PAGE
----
As ESPN continues to roll out The Last Dance, GQ staffers will make their case for the ultra-cool doc’s most stylish moments.
For a certain kind of “old head,” episodes of The Last Dance, ESPN’s Michael-and-the-Bulls documentary, must be the most powerful dosage of nostalgia that exists on God’s green earth. You’ll recognize these “old heads” from past TNT broadcasts—remember those?—and inflammatory radio interviews. They’re the type who lament the things missing from basketball today: blood rivalries between stars, WWE scenes playing out anytime someone goes up for a layup, and—you better believe it—mid-range jumpers. Back in my day, they say, there were no three pointers and banana boaters. I’ve always ignored their complaints, but The Last Dance has made me more amenable to the idea that basketball really was better in the ‘80s and ‘90s. With a caveat: basketball wasn’t better back then because it was grimier. It was better because of the fashion.
Jordan gets a bad rap for his style, but one thing the film reminds us is that no one was as cool as His Airness. (You know what’s cool? Winning.) His gold hoop revolved, Saturn-like, around his earlobe, and he looked so awesome in a Bulls jersey it made you believe you’d look just as great wearing one off the court. Even the shirts made up for Finals winners were better then, too—just look at this superbly ‘90s collage of the Bulls seemingly illustrated for NBA Jam Big-Head mode. This was NBA fashion in utero—before the dress code gave the league a makeover and made big fits, stylists, and grail sneakers a part of its identity.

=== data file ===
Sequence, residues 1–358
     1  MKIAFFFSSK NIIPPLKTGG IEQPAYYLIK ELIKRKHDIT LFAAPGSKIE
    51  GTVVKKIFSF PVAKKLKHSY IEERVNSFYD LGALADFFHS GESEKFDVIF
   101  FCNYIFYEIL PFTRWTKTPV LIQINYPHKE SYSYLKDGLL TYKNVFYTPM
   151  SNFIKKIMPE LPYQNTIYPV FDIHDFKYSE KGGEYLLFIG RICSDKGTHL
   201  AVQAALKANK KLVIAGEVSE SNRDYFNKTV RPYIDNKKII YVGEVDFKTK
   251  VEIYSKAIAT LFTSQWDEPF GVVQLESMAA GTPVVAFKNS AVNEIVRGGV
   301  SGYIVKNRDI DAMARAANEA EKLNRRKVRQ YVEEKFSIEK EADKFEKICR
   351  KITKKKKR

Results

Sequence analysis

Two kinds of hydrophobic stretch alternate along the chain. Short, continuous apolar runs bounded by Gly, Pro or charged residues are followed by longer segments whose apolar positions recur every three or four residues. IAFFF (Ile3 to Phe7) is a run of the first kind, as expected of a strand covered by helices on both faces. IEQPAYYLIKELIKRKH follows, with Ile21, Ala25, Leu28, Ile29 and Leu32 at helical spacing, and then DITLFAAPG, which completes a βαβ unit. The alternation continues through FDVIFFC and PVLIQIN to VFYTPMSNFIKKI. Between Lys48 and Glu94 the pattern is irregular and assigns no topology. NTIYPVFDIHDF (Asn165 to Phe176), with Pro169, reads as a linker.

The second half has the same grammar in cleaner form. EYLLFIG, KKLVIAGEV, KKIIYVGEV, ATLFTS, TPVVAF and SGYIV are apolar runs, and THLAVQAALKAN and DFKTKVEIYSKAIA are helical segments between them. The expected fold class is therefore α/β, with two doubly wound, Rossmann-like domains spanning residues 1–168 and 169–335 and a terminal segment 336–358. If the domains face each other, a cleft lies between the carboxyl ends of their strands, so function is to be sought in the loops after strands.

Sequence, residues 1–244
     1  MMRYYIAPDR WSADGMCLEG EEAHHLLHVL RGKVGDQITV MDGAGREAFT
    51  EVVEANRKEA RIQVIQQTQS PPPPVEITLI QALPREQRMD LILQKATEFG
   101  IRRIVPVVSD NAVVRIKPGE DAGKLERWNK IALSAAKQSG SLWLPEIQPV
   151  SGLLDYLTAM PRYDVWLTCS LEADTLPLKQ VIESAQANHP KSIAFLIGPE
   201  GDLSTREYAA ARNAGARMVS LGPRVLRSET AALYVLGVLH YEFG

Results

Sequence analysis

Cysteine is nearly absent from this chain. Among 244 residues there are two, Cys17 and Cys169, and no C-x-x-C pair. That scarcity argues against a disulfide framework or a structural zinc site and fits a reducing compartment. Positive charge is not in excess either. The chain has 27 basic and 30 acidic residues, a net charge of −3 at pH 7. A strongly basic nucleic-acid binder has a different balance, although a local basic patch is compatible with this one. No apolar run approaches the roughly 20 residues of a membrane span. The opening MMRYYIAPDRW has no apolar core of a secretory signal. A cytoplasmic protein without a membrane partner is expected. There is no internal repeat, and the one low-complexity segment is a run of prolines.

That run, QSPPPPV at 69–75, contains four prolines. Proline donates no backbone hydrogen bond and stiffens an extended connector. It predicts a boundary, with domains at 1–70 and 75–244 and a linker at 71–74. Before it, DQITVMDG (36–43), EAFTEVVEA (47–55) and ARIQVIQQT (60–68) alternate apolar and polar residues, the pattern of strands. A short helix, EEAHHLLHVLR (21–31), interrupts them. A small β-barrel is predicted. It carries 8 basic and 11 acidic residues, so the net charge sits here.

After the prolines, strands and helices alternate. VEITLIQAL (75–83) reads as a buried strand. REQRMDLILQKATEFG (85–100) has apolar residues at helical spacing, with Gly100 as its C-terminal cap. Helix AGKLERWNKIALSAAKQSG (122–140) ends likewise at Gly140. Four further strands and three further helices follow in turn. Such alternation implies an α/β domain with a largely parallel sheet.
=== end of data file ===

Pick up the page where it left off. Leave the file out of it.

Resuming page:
But while the berets are bon and the suits impressively oversized in The Last Dance, there is one outfit from the documentary that stands out from the rest: the Bulls’ white ‘80s button-up warm-ups. Almost completely white but for the red accents—collar, button, “CHICAGO” striping down the left side—the outfit makes it look like the Bulls are coming to the game from the world’s coolest country club.
In this case, the warm-up deserves even more examination because it belonged to and was worn by Jordan. The ensemble signaled the mighty MJ was about to go into battle and like all things Jordan it managed to melt together flash and utility. Even Jordan’s sheared head felt like a competitive advantage, allowing him to fly through the air like a hairless swimmer through the pool. At the same time, he would wear ropes of gold jewelry while participating in the dunk contest: a sign that winning without some measure of in-your-face swagger wasn’t winning at all. The stylish warm-up might have been a competitive advantage, too, if Jordan subscribed to the idea of look good, feel good, play good. These definitely covered the first bit.
Never has the warm-up resonated so strongly as it does now while many of us are isolating and working from home. Instead of wearing that old walkathon T-shirt and trudging through the day, make like Jordan and embrace the idea of putting on something stylish—and more importantly, battle-ready.